How did this escape wider notice?

If you will hit play, you will see one of the most incendiary things I have ever seen someone say on a cable news channel about another person… ever.

Incendiary, sure, but I’d have to say… he’s right. Without further ado, here’s Martin Bashir saying what a lot of people think about Sarah Palin:
 

Posted by Richard Metzger | Discussion
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‘Face to Face’ with Allen Ginsberg
11.13.2013
12:38 pm

Topics:
Heroes
Pop Culture

Tags:
Allen Ginsberg
Face to Face


 
This is a fine interview with Allen Ginsberg taken from the BBC series Face to Face, in which Ginsberg opens up about his family, loves, identity, drugs and even sings.

The series, Face to Face originally started in 1959, and was hosted by John Freeman, whose skill and forthright questioning cut through the usual mindless chatter of such interview shows. Freeman, a former editor of the New Statesman was often considered brusque and rude, but his style of questioning fitted the form of the program, which was more akin to an interview between psychiatrist and patient. The original series included, now legendary, interviews with Martin Luther King, Tony Hancock, Professor Carl Jung, Evelyn Waugh and Gilbert Harding.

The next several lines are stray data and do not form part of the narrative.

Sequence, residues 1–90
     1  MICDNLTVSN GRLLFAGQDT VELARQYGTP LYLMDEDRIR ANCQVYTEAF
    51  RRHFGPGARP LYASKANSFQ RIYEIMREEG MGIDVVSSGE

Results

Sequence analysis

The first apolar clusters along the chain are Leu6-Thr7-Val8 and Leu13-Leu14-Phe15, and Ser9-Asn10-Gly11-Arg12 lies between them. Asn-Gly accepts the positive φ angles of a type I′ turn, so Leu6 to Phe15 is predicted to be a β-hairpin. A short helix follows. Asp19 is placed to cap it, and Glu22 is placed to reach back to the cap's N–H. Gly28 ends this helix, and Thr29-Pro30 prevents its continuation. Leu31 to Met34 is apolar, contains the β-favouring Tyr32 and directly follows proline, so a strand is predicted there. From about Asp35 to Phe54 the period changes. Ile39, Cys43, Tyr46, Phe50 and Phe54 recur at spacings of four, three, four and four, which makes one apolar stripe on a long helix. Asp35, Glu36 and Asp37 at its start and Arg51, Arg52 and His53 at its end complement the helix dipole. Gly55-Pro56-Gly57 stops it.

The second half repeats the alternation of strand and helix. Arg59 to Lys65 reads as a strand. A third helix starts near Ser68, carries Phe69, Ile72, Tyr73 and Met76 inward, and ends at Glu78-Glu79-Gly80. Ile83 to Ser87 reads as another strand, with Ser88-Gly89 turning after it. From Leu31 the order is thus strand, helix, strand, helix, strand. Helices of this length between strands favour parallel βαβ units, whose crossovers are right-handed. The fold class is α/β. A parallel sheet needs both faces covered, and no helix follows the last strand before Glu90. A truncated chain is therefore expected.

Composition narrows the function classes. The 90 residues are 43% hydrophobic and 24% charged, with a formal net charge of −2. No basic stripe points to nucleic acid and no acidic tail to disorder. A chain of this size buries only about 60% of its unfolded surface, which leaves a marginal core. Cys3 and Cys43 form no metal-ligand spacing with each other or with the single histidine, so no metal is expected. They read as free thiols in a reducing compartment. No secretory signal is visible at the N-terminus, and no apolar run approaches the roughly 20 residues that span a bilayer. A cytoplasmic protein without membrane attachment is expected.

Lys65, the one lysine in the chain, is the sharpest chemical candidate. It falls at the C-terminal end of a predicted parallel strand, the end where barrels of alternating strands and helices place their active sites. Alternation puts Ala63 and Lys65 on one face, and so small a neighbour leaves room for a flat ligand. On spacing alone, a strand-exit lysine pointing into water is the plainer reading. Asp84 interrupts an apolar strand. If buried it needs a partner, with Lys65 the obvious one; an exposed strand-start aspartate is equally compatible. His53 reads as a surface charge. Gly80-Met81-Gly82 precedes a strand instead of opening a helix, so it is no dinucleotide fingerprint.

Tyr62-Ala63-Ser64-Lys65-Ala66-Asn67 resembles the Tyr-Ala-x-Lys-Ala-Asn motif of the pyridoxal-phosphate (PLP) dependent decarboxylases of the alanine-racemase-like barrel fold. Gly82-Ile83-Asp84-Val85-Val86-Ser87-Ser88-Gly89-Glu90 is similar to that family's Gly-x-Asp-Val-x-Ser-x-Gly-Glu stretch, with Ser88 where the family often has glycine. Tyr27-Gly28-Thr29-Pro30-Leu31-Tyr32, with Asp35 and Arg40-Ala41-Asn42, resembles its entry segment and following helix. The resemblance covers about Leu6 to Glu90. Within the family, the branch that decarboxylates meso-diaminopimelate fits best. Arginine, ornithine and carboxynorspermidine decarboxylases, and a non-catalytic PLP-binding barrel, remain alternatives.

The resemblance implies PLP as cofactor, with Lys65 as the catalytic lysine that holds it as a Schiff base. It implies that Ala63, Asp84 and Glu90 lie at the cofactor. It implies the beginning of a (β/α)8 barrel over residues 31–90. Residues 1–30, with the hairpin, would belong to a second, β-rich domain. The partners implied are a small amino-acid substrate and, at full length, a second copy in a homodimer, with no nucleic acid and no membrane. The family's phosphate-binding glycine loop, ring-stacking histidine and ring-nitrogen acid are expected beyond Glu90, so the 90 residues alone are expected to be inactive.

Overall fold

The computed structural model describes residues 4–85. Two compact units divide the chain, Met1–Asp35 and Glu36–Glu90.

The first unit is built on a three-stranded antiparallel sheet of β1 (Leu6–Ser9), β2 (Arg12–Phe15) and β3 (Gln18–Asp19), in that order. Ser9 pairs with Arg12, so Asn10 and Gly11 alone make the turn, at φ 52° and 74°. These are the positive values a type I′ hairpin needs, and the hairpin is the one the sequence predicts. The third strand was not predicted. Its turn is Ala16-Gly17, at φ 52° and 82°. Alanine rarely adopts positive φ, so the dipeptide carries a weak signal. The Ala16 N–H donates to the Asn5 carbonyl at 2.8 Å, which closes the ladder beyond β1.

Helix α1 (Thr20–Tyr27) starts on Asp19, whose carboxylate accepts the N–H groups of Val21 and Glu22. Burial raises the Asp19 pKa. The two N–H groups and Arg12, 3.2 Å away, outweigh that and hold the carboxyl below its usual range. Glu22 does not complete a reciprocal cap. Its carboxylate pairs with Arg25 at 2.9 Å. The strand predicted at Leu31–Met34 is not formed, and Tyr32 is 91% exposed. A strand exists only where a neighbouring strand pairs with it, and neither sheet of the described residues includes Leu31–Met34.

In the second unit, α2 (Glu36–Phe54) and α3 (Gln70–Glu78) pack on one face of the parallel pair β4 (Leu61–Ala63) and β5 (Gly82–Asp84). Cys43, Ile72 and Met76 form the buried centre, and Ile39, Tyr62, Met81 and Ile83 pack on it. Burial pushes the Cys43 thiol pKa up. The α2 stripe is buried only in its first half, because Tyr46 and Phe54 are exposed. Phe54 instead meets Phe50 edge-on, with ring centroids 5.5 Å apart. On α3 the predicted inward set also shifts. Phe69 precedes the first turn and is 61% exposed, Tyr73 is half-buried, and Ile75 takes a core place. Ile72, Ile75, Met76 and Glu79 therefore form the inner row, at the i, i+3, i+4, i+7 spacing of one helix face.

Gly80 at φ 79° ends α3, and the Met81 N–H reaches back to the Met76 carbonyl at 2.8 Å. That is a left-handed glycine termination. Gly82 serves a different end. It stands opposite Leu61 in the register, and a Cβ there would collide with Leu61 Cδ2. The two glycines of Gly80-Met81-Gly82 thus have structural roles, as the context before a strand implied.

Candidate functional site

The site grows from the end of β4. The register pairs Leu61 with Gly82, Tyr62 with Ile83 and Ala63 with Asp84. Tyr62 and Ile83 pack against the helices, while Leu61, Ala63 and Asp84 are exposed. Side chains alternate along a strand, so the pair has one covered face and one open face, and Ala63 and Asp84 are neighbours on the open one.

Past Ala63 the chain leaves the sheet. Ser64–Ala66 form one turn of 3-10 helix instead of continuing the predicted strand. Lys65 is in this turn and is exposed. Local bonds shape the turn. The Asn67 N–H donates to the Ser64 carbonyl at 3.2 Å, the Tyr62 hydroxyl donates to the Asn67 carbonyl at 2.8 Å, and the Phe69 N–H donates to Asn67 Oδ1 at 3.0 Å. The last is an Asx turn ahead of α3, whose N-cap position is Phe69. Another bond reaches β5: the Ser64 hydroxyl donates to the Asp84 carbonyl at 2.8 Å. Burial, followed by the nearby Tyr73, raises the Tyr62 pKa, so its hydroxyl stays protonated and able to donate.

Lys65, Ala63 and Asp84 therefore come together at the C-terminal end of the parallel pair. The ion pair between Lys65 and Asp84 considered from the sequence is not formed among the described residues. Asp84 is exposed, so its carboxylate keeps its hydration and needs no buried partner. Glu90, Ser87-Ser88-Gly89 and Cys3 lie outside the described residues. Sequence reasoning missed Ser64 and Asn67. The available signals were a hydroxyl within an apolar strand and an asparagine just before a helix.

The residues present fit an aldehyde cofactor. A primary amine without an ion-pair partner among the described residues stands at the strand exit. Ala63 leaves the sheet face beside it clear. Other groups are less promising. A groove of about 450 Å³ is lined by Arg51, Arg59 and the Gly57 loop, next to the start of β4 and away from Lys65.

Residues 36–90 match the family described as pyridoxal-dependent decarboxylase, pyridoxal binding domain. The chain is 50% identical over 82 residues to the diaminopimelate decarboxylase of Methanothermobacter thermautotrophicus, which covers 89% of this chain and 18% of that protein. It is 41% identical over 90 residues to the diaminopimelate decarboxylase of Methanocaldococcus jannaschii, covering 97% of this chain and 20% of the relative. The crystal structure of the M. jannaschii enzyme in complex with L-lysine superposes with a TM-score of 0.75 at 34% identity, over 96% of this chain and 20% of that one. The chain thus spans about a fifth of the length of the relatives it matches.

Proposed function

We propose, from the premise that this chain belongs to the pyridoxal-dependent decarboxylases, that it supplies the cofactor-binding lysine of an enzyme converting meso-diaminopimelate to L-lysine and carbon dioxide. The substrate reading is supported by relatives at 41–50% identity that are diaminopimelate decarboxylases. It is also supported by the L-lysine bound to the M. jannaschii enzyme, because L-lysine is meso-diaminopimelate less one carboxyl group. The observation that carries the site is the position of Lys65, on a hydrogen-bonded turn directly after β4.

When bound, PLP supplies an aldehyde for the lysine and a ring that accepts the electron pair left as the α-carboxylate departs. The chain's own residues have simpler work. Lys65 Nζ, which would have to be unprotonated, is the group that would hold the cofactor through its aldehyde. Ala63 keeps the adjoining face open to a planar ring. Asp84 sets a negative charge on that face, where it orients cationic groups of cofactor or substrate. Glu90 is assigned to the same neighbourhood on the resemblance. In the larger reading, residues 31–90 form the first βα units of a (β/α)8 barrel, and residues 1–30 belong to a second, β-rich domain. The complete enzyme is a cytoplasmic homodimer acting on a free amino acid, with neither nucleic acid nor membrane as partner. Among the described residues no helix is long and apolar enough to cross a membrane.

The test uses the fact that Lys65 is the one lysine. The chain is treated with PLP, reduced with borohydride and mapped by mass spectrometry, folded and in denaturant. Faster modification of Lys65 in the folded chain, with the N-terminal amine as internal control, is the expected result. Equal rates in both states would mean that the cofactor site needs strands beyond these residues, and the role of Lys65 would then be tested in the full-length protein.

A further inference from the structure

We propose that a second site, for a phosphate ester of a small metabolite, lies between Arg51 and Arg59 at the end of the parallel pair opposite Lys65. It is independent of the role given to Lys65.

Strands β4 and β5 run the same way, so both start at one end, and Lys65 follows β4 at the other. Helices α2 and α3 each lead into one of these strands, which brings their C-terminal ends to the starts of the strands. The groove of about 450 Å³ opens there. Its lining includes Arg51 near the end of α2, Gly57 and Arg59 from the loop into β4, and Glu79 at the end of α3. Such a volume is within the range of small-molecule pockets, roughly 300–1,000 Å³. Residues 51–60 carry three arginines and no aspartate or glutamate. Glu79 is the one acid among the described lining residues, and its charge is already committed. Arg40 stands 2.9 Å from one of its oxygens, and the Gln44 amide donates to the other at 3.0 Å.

In 1989, the BBC revived the series, this time with the excellent Jeremy Isaacs as questioner, who interviewed Allen Ginsberg for this program, first broadcast on 9th January 1995.

Watching this now, makes me wonder what has happened to poetry? Where are our revolutionary poets? Where are our poets who speak out, demonstrate, make the front page, and tell it like it is? And why are our bookstores cluttered with the greeting card verse of 100 Great Love Poems, 101 Even Greater Love Poems, and Honest to God, These Are the Greatest Fucking Love Poems, You’ll Ever Fucking Read. O, for a Ginsberg now.

 

 

Posted by Paul Gallagher | Discussion